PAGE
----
Southwest Airlines Flight 1248 experienced a runway overrun as a result of several events, all of which could have been avoided through the inclusion of a few simple practices and procedures. The airplane ran off of runway 31C, plowing through a blast fence, the airport perimeter fence, and crashed into a vehicle before coming to a stop on an adjacent roadway as opposed to taking off, as it was anticipated to do. The conditions at the time were hazardous, and the snow and ice on the runway were the primary factors that contributed to the crash itself. These surface conditions, and the airport’s inability to care for their occurrence, coupled with a host of other bad decisions on the part of the flight crew, the airport, and the pilot, led to the death of a child in the vehicle that was struck by the plane.
In order to work to prevent this situation from occurring, there were several precautions that should have been taken for the reported conditions. In light of the severe weather, the runway should have been checked for the amount of ice and snow present, given the high speeds of the aircraft and the friction caused which would have resulted in constant melting and refreezing. The runway itself should have been salted down, and the runway’s condition should have been checked prior to each flight. In addition, the ground crew at the airport should have treated the weather conditions and hazards as severe, as opposed to treating it as business as normal; this may have allowed for the situation to be identified and steps to be taken that would have otherwise prevented the events of that night.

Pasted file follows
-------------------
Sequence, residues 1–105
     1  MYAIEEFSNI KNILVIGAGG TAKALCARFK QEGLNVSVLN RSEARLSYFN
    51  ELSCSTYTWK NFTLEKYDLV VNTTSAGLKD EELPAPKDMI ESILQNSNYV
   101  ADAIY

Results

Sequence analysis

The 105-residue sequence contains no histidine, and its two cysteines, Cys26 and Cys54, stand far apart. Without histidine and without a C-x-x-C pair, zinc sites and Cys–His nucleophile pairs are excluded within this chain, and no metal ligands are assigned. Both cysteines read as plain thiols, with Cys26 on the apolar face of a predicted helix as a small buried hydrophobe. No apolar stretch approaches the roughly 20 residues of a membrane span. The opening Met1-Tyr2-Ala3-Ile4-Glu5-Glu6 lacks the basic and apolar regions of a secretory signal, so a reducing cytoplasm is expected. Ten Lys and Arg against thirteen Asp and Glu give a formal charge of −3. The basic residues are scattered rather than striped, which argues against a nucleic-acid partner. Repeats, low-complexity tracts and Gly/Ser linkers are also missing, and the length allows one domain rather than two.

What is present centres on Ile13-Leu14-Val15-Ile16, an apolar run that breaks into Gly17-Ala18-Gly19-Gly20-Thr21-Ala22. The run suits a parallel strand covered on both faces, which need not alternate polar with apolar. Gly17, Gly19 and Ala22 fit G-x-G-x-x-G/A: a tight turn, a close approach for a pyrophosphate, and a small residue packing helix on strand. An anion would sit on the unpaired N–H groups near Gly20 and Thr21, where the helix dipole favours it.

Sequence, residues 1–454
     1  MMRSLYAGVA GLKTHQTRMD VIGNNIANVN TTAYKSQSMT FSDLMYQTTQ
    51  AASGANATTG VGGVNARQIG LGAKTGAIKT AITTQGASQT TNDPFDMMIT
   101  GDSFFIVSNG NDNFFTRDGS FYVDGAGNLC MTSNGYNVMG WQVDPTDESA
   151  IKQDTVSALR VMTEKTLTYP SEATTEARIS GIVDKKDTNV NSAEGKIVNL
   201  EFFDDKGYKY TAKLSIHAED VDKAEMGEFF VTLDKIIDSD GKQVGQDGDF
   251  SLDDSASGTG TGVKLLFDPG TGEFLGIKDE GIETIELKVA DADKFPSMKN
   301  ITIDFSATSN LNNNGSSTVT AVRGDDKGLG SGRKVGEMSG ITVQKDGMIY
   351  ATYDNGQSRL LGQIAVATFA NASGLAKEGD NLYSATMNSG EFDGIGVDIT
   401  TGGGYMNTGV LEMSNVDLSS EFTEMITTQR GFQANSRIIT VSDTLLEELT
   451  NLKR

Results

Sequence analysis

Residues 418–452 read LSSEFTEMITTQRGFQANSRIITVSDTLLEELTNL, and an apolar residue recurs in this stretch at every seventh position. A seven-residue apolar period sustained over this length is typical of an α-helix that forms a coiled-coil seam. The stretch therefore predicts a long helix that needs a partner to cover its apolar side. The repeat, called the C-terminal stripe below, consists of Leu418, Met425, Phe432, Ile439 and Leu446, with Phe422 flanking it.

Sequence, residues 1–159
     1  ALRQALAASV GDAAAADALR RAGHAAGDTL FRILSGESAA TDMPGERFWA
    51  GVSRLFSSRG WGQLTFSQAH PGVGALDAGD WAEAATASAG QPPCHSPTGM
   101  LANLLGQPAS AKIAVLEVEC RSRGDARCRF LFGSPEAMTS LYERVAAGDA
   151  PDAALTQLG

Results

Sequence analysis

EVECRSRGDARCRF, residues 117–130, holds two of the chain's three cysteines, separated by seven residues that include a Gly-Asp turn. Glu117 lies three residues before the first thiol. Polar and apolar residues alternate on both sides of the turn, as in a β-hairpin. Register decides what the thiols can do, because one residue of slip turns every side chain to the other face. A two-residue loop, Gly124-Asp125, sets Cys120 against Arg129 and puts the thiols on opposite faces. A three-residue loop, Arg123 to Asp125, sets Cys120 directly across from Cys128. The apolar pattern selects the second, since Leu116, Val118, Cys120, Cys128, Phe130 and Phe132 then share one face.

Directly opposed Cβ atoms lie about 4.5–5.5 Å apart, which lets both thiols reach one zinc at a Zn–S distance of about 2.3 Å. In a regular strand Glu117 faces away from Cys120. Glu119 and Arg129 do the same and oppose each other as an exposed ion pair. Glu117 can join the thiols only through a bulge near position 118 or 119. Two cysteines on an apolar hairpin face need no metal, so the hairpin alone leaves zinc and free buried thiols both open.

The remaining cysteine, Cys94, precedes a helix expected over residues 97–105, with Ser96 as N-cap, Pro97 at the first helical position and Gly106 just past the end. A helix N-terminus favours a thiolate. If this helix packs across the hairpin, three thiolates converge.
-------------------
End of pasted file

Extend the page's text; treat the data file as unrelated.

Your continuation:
The fact of the matter is, that given the current conditions at the time of Flight 1248’s overrun, there is no true way that the aircraft could have performed any differently, and there is no true way for the landing to have occurred safely, given the conditions that were present at the time of the plane’s arrival.